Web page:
The power of yoga

HARMONY OF BODY, MIND AND SPIRIT Through the practice of yoga   | Photo Credit: STR

Last year, I was gifted a Kindle for my birthday. I fell in love with it instantly. Sure, I love the idea of a book, holding it, turning pages, the feel of paper… But then I think of trees being cut down and I realize that I love my Kindle more. I decided to give away the ever-growing collection of books that I had accumulated through my life. I thought I would keep a few but ended up hanging onto only four books. Three of these four were written by B.K.S. Iyengar – Light on Yoga, Light on Pranayama:The Yogic Art of Breathing and Light on the Yoga Sutras of Patanjali.

B.K.S. Iyengar is the founder of a style of yoga called Iyengar Yoga. He was born in Bellur, Karnataka to a poor Brahmin family. He was a sickly child. “My arms were thin, my legs were spindly, and my stomach protruded in an ungainly manner. My head used to hang down, and I had to lift it with great effort,” he wrote

As luck or karma would have it, his brother-in-law was T. Krishnamachariya, who is credited with the revival of yoga in the modern world. Krishnamachariya was teaching in the palace of the Maharaja of Mysore and invited Iyengar to stay with him and use yoga to cure his ill health. It was out of this illness that Iyengar Yoga was born.

In this style of yoga, the students hold postures for a long time and focus minutely on the anatomy and alignment of the body. Many props are used to help the student find the correct alignment and allow them to go deeper into the asanas. The slow practice and the use of props make this a challenging form to practice but also make the style accessible to those who are not physically fit and to older students.

I like to think of Iyengar yogis as the Ph. Ds of the yoga world. What they do doesn’t look fun, seems really intense and a little boring, but their knowledge is essential to all other yoga students. I would go out on a limb and say that there is no yoga teacher in the modern world who has not been influenced by the teaching of Iyengarji.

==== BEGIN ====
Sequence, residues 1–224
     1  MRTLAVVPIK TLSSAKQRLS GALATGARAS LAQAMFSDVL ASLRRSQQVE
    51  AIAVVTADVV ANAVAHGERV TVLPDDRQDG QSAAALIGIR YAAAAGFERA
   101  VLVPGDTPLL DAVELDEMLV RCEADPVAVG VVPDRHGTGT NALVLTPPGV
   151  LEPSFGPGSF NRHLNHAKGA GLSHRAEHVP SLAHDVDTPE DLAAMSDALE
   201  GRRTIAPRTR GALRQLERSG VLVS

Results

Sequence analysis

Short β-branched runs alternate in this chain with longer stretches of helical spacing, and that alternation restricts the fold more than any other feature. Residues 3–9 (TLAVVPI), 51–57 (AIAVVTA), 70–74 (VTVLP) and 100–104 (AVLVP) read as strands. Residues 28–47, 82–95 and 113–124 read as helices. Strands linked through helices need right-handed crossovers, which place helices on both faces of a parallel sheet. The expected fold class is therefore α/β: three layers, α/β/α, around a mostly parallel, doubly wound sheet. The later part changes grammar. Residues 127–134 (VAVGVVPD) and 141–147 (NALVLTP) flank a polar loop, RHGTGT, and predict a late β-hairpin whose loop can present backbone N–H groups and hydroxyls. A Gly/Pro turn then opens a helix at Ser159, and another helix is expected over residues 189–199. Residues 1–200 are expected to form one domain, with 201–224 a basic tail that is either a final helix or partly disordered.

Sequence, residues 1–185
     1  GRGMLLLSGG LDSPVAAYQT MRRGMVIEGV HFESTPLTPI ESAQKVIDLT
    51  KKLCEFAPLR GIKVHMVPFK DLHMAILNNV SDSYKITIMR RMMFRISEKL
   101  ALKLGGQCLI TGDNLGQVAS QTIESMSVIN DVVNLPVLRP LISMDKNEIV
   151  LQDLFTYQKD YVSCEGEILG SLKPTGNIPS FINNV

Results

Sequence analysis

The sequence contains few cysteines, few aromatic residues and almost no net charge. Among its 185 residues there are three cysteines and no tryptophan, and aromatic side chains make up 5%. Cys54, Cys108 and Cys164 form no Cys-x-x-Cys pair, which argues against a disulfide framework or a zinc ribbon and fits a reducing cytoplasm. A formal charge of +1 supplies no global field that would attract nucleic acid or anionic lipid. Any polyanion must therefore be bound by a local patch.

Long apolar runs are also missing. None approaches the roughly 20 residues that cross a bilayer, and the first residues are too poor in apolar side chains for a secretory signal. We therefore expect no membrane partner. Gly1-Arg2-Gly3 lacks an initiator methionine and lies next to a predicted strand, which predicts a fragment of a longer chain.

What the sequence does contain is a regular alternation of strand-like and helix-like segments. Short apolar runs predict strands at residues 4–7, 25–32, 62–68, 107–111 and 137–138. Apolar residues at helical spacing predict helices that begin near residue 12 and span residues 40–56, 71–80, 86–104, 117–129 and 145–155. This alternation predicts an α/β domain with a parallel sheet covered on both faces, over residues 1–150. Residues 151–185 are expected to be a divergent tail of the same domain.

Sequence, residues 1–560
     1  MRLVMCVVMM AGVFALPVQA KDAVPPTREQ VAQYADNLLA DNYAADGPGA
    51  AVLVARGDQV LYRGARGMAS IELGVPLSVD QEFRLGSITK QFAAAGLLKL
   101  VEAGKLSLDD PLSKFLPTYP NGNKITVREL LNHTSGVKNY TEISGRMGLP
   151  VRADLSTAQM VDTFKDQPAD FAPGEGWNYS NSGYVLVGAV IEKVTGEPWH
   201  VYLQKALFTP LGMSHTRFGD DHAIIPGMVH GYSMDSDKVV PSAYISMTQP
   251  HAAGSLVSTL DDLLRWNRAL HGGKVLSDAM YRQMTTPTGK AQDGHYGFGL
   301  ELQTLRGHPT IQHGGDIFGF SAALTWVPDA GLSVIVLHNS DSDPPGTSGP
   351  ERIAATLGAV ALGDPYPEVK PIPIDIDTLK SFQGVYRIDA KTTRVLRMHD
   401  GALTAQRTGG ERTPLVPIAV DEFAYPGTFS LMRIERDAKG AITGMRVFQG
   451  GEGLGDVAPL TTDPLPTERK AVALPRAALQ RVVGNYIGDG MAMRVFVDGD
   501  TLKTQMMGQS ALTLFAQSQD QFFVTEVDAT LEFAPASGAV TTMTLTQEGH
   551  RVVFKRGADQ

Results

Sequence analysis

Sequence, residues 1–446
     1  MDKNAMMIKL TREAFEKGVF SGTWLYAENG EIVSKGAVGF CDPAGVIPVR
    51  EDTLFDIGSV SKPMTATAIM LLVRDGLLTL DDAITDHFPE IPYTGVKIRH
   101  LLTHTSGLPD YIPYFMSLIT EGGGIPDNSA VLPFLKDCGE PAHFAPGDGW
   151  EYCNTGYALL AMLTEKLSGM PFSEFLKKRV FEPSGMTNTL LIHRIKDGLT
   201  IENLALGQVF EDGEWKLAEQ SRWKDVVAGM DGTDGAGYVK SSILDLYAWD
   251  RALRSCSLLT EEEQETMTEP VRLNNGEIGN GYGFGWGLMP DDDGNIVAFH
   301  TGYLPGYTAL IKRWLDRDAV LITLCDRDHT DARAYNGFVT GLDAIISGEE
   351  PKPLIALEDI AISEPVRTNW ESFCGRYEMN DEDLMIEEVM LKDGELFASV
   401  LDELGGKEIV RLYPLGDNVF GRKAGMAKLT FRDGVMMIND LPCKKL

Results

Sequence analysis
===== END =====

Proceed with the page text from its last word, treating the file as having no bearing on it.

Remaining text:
Iyengar passed away at the age of 94 on August 20 this year. Although I once had the privilege of hearing him speak, I have never practised with this legend, but after one short encounter with him and the vast knowledge he has passed on to me through his books, I feel like he is my guru.

It was a hot day during the monsoons when we gathered in a new yoga studio in Thane, waiting for Iyengar to arrive and inaugurate the space. He seemed small and frail as he entered but when he began to talk, he captivated the entire room. His voice was strong and powerful. He didn’t need the cushions placed on the divan behind him, as his spine was perfectly straight and erect. He sat in complete stillness; only his head moving as he scanned the room, eyes sparkling. He was in his late 80s at the time.

He laughed as he looked around the fancy studio and began to tell us stories about the less-than-fancy places he had, in his youth, given yoga demonstrations. Remembering with clarity the dates from over half a century ago, he recalled the names of schools, homes, halls and other places he had given demonstrations, calling our attention to a particular school where he was forced to demonstrate in front of the door to a smelly toilet. “Always practise,” he chided us, “even if you have only the space in front of a dirty toilet.”

As he spoke, I recalled a quote from one of his books: “Everything cannot be observed by our two eyes. Each pore of the skin should act like an eye. Your skin is the most sensitive organ.”

Observing him that day I understood what he meant.

Today I scanned through his books before I began to write this article, re-reading the parts that I have underlined.

“Health is a state of complete harmony of the body, mind and spirit. When one is free from physical disabilities and mental distractions, the gates of the soul open.”

“The rhythm of the body, the melody of the mind and the harmony of the soul create the symphony of life.”

“Yoga teaches us to cure what need not be endured and endure what cannot be cured.”

“A yogi’s brain extends from the bottom of the foot to the top of the head. A crooked body means a crooked mind.”

My mind constantly goes back to that day thinking of this man who had transformed himself from a boy with thin arms and spindly legs to the strong, alert Yogi I saw that day. Iyengarji continued to practise yoga well into his 90s and his life has become all the proof I need to believe in the power of yoga.

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Printable version | Apr 18, 2021 6:19:28 AM |

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